The basic elements are constant: eggplant, summer squash, sweet peppers, tomato, garlic. But ratatouille's final form and function can vary greatly, from main dish stew to side dish gratin to a sort of elaborate salad. When ratatouille is done right, the various ingredients blend harmoniously, yet somehow remain distinct. The sound of a well-grooved jazz combo comes to mind (is it any surprise I'm suddenly hearing Django Reinhardt and Stéphane Grappelli in my head...?).
When ratatouille goes bad it becomes an overcooked, non-descript mush with the tinny back-taste of lousy tomatoes. Ironically, most of the bad rat's I've had, I've had in France--but in northern France, and that's the key. Much as I love French cooking, it must be recognized that the French are almost comically inept at incorporating foreign influences into their cuisine. When curry and chilies make their way into the French kitchen, the flavor is often so faint, it's as if the cook just held the jar of spice up for the stew pot to see, then put it away unopened. An "egg roll" we were once served at the vaunted Atelier de Joel Robuchon in Paris was such a silly, useless thing, any pho joint on University Avenue would kick its derrière right back to culinary school.
But I digress, just a little. My point is that the same lack of comprehension that befuddles French cooks dealing with foreign ingredients also seems to afflict northern chefs dealing with dishes from the south. They just really don't get garlic, olive oil, and tomatoes--not in a Provencal way, at any rate. But then, you wouldn't go out for choucroute garnie in Arles, would you?
Well, I'm not Provencal, and I haven't even traveled there, so I'm probably just talking through mon chapeau. What I do know is that when confronted with the gorgeous eggplants, chilies, tomatoes, garlic, etc., now spilling off the tables at our farmers market, you just have to put them together, one way or another, and this grilled ratatouille that we cooked up out at Bide-A-Wee last week made a fresh and delicious variation on the Provencal theme. We neglected to pick up any summer squash, so our grilled version is actually one zucchini short of a ratatouille, but I can't say we missed it much.
The eggplant was the star, a fantastic Italian heirloom variety that came from our market neighbors and pals Joe and Laura of Honey Creek Farm. It made a sweet, creamy base that really brought the rest of the flavors together. Many recipes using eggplant call for slicing and salting the eggplant to draw out bitter juices, but I think that with fresh, firm summer market eggplants, that's unnecessary (and it may go without saying, but I wouldn't do this dish with anything else; winter ratatouille, merci, non). The skinny Asian eggplants are always mild and sweet, and could be used here.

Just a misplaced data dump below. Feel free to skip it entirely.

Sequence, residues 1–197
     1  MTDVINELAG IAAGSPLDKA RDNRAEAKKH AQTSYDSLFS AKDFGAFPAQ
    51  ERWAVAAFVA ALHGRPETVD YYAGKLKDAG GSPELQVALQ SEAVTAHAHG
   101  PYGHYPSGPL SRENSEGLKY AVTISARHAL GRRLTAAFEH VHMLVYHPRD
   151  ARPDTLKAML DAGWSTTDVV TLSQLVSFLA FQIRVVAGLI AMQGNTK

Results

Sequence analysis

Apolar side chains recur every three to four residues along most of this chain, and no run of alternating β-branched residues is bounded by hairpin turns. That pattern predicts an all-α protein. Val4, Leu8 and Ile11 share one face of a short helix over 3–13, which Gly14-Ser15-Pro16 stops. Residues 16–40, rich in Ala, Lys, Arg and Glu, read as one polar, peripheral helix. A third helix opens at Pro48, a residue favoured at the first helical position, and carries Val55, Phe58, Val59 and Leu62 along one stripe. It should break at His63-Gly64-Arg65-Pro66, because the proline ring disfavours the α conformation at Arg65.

The peppers we had were mildly hot, splendidly red, thick-fleshed and sweet despite the heat. Wonderful. The traditional bell peppers can be grilled and peeled just the same. I would only use ripe red peppers, as I detest green bells, but that's a question of taste.
Here's what we did, then: For two people we had one medium eggplant, around a pound. One half red onion (but any other color would work as well). Two red chilies--the equivalent of one good-sized bell, I'd say. The white of one leek. One really big clove of SuperGarlic!, which would be like three large cloves of any other, mortal garlic--from Jackie of Sylvan Hills Organic Farm . A couple medium, exquisitely ripe tomatoes. A handful of fresh basil leaves.
The eggplant we sliced about 3/4-inch thick, and brushed the slices with olive oil. The other vegetables went on the grill as is--if you're using summer squash, treat it the same as the eggplant. Over natural wood coals, grill the vegetables until they are nicely charred and tender. For the eggplant, that meant four to five minutes on a side. Ours got pretty dark, but didn't taste burnt in the final dish. For the peppers or chilies, cook until the skin is blackened all over, let sit a while, then peel, seed and chop. (Placing grilled chilies in a paper bag to help loosen the skin is common practice, and does work, but isn't necessary.)
The leek we grilled until it was really black on the outside, then we took off that layer and chopped the rest. The onion, just keep turning until it gets nice color on all sides. (While the vegetables rested, we grilled Pastures A'Plenty country-style pork ribs, to be glazed and served with a cider-red wine sauce.)
To assemble, finish, and serve: Roughly chop all the grilled vegetables. Seed and chop the tomatoes. Slice the garlic medium-thin. In a large saucepan or sauté pan, heat about two tablespoons of good olive oil. Add the garlic and swirl it about until it just barely starts to color. Add all the other vegetables, and a couple good pinches of salt, and a grind of black pepper. Toss it all about for a couple of minutes only. Turn off the heat, tear the basil leaves up and drop them in. Serve.
The ribs, some polenta (organic, Whole Grain Milling Co.), the ratatouille, slice of Real Toast.
There was some of the ratatouille left over; it was even better two days later.